Dianne Frances D. Powell
TERRE HAUTE —
Some kids take up baseball. Some choose soccer. Others basketball. But some kids choose racing as a sport even though some are not old enough to drive.
Beneath the warm summer sun, the sound of roaring motors filled the Hulman Mini-Speedway on Thursday as racers aged 5 to 16 drove their Quarter Midget cars in circles around the 1⁄20-mile dirt track, competing in racing events at The Quarter Midgets of America’s 2013 DIRT Grand Nationals on South 13th Street.
Terre Haute is welcoming hundreds of drivers and their families from all over the country at the week-long event for the sixth time the event has come to town.
“Terre Haute has actually hosted it more than any other club in the country,” said Mick Landes, president of the Terre Haute Quarter Midget Association.
“I think we’ve got such a nice facility, we put on a good show, and got a lot of good [club] members,” who put the event together, he said.
He added the event has also received support from local businesses, with First Financial Bank as the title sponsor again this year.
Hulman Mini Speedway, according to the Terre Haute Quarter Midget Association website, is the oldest continuously operating dirt quarter midget track in the United States and Canada. It has been home to the Terre Haute Quarter Midget Association since 1956.
The cars these young people drive are called quarter midgets, quarter-sized versions of full-fledged midget racers.
Drivers at the track Thursday ran an average speed of 35 miles per hour.
One driver is 15-year-old Brandon Smith, who won the national championship in Sacramento, Calif., last year.
He is determined to defend his title. “That’s what I’m working on,” he said.
“I’ve always just been really driven to be the best at whatever I do,” said the resident of Christian County in Illinois, who is in his 10th year of racing quarter midgets.
Brandon started racing at 5 when he was encouraged to join by “a kid from my school that raced.”
“He always talked about it,” he said. Afterward, he tried it out, got a car and just found a passion.
“It’s an adrenaline rush. When you do good, you feel really accomplished,” Brandon said.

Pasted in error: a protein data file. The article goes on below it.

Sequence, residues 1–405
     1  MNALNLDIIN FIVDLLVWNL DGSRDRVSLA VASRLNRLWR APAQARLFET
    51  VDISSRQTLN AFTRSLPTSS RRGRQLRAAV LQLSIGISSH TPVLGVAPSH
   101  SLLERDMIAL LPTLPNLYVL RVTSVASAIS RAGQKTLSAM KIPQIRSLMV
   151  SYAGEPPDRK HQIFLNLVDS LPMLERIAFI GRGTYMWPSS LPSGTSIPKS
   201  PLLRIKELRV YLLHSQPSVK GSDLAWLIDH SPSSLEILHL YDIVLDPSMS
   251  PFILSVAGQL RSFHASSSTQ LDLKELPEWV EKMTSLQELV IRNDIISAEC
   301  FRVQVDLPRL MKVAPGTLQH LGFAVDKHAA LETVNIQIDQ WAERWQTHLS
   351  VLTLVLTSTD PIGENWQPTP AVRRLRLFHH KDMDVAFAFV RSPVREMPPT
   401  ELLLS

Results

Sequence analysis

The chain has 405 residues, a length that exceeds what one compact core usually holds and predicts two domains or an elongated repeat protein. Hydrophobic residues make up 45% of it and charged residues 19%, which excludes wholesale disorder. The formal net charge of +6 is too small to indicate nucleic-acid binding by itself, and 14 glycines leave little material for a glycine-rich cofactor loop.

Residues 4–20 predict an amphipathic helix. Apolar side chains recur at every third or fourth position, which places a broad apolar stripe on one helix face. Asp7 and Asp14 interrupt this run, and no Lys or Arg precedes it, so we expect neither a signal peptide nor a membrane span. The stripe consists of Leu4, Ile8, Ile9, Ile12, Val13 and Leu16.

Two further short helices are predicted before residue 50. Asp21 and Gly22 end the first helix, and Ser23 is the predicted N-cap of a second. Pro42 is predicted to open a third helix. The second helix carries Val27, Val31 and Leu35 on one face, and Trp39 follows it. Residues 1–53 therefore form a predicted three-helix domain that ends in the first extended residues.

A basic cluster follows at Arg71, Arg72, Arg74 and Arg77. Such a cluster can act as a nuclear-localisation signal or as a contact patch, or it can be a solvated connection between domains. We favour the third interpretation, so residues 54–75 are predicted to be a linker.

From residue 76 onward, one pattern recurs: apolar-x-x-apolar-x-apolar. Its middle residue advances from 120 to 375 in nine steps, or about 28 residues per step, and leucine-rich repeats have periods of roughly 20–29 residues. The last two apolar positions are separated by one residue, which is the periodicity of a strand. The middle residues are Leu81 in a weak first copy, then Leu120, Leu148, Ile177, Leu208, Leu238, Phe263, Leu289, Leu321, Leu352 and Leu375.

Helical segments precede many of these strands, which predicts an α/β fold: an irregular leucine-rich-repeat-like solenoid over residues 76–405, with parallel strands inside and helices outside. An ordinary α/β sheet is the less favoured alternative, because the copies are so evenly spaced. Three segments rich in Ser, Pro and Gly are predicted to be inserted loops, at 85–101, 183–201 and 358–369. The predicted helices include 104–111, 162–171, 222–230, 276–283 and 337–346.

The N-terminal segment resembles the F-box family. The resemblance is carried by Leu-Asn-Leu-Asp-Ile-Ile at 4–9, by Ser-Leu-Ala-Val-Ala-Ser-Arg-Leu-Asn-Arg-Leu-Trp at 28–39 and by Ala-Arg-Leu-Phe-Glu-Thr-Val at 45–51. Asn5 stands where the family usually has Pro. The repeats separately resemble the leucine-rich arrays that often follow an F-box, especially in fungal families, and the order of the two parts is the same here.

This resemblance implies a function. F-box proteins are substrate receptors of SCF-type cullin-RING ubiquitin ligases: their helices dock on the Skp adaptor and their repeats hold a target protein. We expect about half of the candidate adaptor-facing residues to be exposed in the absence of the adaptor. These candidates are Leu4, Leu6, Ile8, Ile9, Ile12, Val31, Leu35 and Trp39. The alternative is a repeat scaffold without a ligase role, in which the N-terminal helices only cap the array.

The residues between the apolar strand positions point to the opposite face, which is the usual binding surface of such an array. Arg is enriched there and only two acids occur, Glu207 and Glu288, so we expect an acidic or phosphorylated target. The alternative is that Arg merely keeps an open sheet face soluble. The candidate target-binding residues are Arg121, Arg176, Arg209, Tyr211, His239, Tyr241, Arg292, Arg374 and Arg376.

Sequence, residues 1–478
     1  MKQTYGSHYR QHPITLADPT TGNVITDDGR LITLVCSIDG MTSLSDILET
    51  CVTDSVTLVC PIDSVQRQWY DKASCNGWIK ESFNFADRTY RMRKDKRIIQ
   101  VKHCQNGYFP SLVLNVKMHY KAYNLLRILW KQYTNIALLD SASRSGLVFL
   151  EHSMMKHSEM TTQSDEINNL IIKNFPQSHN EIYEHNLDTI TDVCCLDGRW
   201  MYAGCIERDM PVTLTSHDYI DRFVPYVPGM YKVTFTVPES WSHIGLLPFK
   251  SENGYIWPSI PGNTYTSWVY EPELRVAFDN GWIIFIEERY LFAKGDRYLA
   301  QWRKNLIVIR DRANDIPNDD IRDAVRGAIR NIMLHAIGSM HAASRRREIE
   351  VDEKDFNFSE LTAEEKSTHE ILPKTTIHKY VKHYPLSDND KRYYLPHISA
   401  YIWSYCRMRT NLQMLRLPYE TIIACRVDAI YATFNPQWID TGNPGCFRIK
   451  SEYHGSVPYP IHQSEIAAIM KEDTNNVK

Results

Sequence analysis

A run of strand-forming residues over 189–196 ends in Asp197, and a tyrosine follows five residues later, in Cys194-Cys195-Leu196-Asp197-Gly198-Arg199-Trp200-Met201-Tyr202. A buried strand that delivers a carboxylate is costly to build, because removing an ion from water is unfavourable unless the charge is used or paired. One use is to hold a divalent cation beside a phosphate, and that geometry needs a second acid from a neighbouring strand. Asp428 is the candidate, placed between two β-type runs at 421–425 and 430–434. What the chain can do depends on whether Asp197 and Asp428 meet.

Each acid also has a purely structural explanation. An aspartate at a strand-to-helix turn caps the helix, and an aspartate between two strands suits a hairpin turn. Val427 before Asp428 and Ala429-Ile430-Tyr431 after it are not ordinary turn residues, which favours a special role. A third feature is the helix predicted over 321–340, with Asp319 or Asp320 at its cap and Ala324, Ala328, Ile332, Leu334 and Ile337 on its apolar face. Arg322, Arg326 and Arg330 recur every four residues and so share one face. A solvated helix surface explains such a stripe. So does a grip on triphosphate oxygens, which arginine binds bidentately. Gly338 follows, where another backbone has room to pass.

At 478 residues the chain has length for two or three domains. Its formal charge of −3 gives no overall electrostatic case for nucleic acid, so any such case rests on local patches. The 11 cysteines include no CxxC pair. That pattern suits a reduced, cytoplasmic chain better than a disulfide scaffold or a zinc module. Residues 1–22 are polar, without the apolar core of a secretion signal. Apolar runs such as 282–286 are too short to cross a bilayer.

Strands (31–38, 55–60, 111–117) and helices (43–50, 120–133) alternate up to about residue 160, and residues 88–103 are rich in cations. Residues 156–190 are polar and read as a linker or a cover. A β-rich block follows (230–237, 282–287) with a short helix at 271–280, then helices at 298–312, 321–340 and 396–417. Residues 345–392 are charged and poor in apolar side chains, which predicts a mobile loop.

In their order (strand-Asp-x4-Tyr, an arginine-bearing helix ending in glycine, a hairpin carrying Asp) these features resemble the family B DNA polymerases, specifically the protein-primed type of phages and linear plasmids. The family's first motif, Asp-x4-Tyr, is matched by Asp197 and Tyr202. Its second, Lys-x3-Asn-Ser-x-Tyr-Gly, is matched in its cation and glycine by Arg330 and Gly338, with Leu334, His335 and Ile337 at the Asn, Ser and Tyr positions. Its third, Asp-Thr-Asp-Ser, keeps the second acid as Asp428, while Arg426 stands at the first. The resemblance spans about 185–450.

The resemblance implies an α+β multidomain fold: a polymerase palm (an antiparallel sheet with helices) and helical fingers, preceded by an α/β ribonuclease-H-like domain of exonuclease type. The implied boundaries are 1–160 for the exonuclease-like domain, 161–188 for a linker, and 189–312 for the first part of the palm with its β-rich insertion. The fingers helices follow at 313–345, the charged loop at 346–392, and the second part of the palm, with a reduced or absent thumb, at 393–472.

And he has learned some things along the way.
“It just builds a great character in a person,” he said. “It teaches a lot of sportsmanship.”
And he is getting a lot of support from his parents, who accompanied him to the event.
“You just support them. Stand by them. They do their best,” said Brandon’s mother, Lorri Smith.
Smith said her husband initially wanted Brandon to race motorcycles to follow in his footsteps.
“No. Four wheels are better than two,” she apparently told her family.
To which her son added: “Use your head and not do anything that is too wild and crazy to get you hurt. Still, Brandon said, his car has flipped “many times” while on the track.
And these accidents happen when least expected.
“It’s [flipping] always kind of random,” he said adding that drivers all of a sudden ask themselves, “why is everything upside down?”
But safety is not taken lightly by the organizers.
“Safety is our number one concern,” Landes said. Race clothing, helmets, gloves, neck braces and arm restraints are among the list of required safety gear for drivers.
At the track, quarter midgets can go off to the side to resolve equipment issues before a race.
This is one of the reasons driver Wyatt Kennedy likes the Hulman Mini-Speedway.
“They make sure you’re as safe as possible,” he said, calling the staff and organizers “helpful.”
“This is my home track,” said the 13-year-old, who has been racing for eight years.
Wyatt started racing at 5 after he saw a quarter midget at the back of a family friend’s truck. At that time, he was playing baseball and hockey.
It was new and different for him. Just like other drivers, he started novice classes at a nearby track in their home at Palestine, Ill.
And the sport allows him to spend time with his family. His mother and father accompanied him to the event.
“It’s something the family enjoys,” Wyatt said. “It’s fun. I make a lot of new friends from different places.”
One such friend is 15-year-old Skyler Bray of Columbus, Ohio, who stood beside Wyatt as he got his car ready for the next race.
“We try not to hurt each other’s cars,” Skyler said.
He said they are friends off the track, but on the track they are competitors.
“It’s mostly fun. Trying to just win. If you don’t win, you don’t win. You can’t win them all,” he said.
“It’s a fun thing to do. Sometimes, it can be pretty dangerous, though,” said Sklyer, who called himself “a daredevil.”
Daredevils or not, Landes said, “It’s a very competitive sport but it is also family-oriented.”
“The biggest thing they get is good sportsmanship ... and they make friends for a lifetime,” Landes said.
Tribune-Star Reporter Dianne Frances D. Powell can be reached at 812-231-4299 or firstname.lastname@example.org.